“Inspire, empower, engage.”
I was contemplating what I would write about this month and I struggled terribly with Maria Shriver’s motto. As a caregiver for a loved one with Alzheimer’s Disease, I felt it quite difficult to inspire and empower no matter how hard I tried.
This time of year has always been difficult for me and as my husband’s health has declined, so has my often infectious positivity. The truth of the matter is, when you’re caring for a loved one (no matter what the illness), this time of year is always difficult.
With some help from my daughter and a few re-writes later, I hope I’ve been able to share my thoughts in a positive way and give some advice as I trudge ahead through this holiday season.
I will not sugarcoat or lie: being a caregiver around the holidays is anything but easy. This time of year has always been my most difficult for many reasons. Because my husband was so young at diagnosis (he was 36) and my children were so little (7 and 9), I learned the true meaning of Christmas early on. Christmas is not about gifts; it’s about love and family.
I will share with you a few personal hurdles, some memories, and some advice.
My husband’s health has declined each year, and each decline has brought new obstacles. The year after he was diagnosed, when he still had his thoughts about him, he suggested we get a pre-lit artificial tree on sale after Christmas. He thought ahead to know that with two little children, it would be hard for me to shop for and set up a real tree by myself. We got a great tree for a great price, but have used it maybe only three times. I never expected it to weigh a hundred pounds and come in so many heavy pieces – it was more difficult to get it down from the attic than it was to put up a real tree. While it was a wonderful idea at the time, it didn’t quite go as we planned.
Needless to say, we usually get a real tree every year.
Next comes Christmas shopping. During the first few years following my husband’s diagnosis, I was able to drive my husband and kids to the store. The kids would get a kick out of picking out my gifts (I happen to be unfortunate to have a birthday a few days before Christmas, so they would shop for that as well) and helping their dad pay for them. I had always done most of my shopping online, since I couldn’t really leave my husband with the kids for long periods. Yet, even at a young age, the kids noticed that they and my husband would have many presents, and I would only have the one or two they bought when I took them to the store. This didn’t matter to me, but they would feel bad for me. This allowed me the opportunity to discuss with them what Christmas is all about, and explain that it really is better to give than to receive.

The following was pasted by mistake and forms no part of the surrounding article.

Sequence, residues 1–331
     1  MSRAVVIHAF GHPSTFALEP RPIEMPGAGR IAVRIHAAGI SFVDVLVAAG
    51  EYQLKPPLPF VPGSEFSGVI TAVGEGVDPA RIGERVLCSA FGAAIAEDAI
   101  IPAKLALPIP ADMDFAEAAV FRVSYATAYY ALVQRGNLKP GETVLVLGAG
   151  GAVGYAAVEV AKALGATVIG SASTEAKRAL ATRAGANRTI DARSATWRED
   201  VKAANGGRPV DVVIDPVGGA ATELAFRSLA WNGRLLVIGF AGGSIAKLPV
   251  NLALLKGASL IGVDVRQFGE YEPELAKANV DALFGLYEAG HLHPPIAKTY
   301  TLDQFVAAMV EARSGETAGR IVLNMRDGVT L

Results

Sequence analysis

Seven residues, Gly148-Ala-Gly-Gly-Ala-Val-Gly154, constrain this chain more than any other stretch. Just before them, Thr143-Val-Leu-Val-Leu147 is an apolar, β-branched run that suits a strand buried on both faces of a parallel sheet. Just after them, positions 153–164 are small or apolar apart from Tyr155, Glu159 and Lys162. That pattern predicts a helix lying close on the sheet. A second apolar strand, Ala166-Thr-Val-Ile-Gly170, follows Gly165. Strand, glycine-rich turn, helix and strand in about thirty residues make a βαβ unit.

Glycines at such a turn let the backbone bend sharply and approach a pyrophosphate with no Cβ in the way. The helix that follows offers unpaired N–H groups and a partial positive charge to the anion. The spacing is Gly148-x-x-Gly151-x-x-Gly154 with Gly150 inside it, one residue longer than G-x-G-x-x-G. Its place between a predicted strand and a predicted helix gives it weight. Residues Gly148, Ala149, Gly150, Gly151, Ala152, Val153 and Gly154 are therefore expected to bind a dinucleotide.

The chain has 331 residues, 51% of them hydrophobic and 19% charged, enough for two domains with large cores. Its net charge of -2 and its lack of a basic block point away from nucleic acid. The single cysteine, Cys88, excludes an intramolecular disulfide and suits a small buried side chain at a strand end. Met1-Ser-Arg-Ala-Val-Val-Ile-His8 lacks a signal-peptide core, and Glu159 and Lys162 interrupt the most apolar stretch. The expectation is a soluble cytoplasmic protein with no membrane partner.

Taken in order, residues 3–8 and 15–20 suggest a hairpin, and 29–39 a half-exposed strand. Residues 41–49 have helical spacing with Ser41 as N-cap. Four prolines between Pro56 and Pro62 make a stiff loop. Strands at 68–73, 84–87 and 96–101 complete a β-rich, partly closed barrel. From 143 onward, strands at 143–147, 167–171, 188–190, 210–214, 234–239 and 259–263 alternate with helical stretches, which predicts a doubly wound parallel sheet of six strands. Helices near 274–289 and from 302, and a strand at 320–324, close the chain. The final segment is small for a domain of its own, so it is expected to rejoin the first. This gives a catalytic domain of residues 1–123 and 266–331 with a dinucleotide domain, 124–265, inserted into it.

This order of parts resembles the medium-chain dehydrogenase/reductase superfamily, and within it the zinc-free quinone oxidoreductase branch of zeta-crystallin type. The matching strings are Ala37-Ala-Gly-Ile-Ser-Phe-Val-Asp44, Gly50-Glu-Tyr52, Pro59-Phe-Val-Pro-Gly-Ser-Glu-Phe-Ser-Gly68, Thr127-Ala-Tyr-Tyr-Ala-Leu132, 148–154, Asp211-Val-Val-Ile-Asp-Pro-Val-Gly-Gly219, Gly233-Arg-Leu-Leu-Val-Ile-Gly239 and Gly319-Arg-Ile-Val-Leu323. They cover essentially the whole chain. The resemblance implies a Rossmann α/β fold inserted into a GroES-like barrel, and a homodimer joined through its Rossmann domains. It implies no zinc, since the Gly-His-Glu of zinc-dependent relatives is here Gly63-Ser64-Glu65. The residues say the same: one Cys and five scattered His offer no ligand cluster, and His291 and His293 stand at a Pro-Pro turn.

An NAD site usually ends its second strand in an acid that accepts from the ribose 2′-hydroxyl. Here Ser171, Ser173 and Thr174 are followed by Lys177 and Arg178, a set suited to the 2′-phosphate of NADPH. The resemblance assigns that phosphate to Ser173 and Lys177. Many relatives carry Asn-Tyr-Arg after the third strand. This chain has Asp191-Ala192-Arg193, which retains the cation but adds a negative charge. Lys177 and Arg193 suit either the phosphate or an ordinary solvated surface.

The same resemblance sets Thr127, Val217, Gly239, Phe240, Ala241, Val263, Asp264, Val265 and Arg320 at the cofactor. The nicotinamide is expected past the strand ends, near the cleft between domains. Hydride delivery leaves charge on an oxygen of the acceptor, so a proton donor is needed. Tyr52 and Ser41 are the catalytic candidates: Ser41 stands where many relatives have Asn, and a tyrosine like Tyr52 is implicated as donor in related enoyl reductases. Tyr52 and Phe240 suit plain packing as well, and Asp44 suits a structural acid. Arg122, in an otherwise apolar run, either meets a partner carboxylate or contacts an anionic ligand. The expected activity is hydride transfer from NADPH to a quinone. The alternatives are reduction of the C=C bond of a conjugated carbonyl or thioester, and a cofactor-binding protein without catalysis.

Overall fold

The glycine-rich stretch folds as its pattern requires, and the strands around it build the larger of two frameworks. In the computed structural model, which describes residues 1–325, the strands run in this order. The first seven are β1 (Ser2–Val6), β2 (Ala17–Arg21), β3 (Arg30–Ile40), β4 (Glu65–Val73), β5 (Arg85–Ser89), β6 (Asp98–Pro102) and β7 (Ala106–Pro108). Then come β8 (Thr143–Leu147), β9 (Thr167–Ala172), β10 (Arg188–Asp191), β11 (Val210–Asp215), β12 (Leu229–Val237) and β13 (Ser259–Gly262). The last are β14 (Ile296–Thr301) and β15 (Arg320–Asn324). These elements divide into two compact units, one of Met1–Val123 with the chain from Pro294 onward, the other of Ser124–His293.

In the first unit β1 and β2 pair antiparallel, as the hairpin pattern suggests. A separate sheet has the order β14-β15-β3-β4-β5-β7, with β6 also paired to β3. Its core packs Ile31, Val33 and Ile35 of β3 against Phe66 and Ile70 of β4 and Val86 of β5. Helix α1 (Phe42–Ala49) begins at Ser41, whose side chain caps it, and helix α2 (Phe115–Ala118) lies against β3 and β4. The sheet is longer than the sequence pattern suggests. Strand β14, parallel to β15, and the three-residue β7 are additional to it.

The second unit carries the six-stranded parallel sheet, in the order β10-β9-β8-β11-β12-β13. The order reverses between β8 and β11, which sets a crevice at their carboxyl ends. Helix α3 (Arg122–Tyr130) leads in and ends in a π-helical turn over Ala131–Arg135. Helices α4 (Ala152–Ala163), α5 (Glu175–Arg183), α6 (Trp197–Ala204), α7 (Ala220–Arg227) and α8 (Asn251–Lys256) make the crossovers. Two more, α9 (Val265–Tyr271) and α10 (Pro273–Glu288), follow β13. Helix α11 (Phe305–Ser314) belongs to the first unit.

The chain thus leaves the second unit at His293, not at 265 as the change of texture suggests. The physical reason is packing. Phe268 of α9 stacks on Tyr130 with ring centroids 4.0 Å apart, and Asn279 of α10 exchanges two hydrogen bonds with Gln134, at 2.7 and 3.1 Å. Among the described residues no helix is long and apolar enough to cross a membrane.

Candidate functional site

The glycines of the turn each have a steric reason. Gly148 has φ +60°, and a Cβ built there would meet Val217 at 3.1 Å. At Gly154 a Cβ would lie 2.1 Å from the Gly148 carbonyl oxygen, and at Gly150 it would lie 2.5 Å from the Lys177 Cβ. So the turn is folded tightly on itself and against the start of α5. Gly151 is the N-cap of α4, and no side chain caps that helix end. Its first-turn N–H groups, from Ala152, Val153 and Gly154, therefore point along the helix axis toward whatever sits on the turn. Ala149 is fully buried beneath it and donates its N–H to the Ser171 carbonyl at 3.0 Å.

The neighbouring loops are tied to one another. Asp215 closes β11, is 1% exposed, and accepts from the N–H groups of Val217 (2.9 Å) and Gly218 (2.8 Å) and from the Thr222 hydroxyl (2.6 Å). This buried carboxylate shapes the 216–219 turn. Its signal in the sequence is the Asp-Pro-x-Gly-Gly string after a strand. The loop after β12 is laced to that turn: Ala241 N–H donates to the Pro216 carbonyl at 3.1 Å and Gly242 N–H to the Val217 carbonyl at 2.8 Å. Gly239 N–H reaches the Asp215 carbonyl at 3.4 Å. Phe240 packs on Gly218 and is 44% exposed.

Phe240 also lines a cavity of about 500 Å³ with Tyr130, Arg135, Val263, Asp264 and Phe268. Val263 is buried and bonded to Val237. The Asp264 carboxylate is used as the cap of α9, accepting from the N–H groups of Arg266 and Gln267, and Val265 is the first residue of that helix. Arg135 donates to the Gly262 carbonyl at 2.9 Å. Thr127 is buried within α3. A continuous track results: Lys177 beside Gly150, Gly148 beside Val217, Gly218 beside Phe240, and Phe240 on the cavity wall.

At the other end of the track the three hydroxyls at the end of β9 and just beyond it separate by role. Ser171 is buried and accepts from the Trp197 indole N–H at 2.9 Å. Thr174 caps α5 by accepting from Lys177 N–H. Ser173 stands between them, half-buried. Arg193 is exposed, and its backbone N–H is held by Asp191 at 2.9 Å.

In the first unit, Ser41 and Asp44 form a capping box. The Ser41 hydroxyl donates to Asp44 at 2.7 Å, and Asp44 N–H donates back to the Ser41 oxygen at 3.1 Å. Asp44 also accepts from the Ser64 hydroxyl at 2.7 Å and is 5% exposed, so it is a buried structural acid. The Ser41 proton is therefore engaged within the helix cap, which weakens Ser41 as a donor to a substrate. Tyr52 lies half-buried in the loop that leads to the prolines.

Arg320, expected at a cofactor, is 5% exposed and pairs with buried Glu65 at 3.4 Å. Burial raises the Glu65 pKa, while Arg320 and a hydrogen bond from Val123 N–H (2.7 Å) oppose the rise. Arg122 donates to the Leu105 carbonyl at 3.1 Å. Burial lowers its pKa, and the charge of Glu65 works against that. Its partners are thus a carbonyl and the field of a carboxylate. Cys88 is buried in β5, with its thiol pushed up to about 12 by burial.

Still, I struggle each and every year with “celebrating” Christmas, but then I remember how much Mike loves it and how the kids look forward to it. I often wonder, if it were just my husband and I, if I would even decorate. Caregiving is so time consuming in and of itself, so add to that all the stresses of Christmas and you have the potential for disaster. I am grateful that I have my FAITH and the knowledge that Christmas is my husband’s favorite holiday. I do my best to decorate, shop, and prepare with the time I have and allow myself the permission to accept we will never be Norman Rockwell perfect.
One Christmas in particular will be impossible for our family to ever forget. The kids and I had just gotten back from Mass. We were lucky to have an aide that day who was able to get my husband ready in the morning while we were out, and he had just gotten Mike dressed and in his chair when we got home. All of a sudden, Mike began breathing very heavily. I had never seen him like this –- it was as though he couldn’t get air. We called an ambulance and when he arrived at the hospital, the doctors had to lay him down to do a CAT scan. He was struggling just to breathe. I was crying for them to stop, but the test needed to be done to find out the problem. Result: Mike’s lung had collapsed. My daughter and I stayed with him until the procedure to re-inflate his lung was completed and he was asleep for the night. We got home close to 11 PM that night, and the kids opened their presents then.
When you experience Christmases like that, it’s hard not to be thankful for each and every one thereafter.
Two years later, in 2008, Mike was placed on hospice. We now celebrate each year by wondering if it will be our last Christmas together. It’s very difficult for me to be open to the joy of the season when my husband is so ill. Listening to friends and co-workers plans, even watching commercials becomes very emotional for me. As strong as I am, Christmas still seems to weaken me.
Some of you may know a caregiver who is struggling at this time of year. If you would like to be a support to them, here’s some advice:
1. If there are young children in the home, ask if you can take them shopping for gifts. They may not have a way to get out otherwise.
2. Most caregivers can’t –- or won’t –- leave their loved ones alone. Ask if you can stop by for a quick hello, maybe bring some homemade cookies. This will make them feel less isolated and more “normal.”
3. If they would like to get to Mass or other religious celebrations, offer to stay with their loved one while they go out.
4. Ask if they need to go out shopping and offer to stay with their loved one.
5. Offer to help put up their tree, or help bring decorations down from the attic or up from the basement.
If I can end on any positive note, it would be this: Alzheimer’s Disease has forced my family to truly and completely realize how short life is. As difficult as the holidays are, we cherish each and every one of them and make the most of each one. As nice as gifts may be, they will NEVER take the place of family and the love we share with one another.
I wish you ALL a wonderful holiday (no matter what you may celebrate) and a New Year of dreams fulfilled.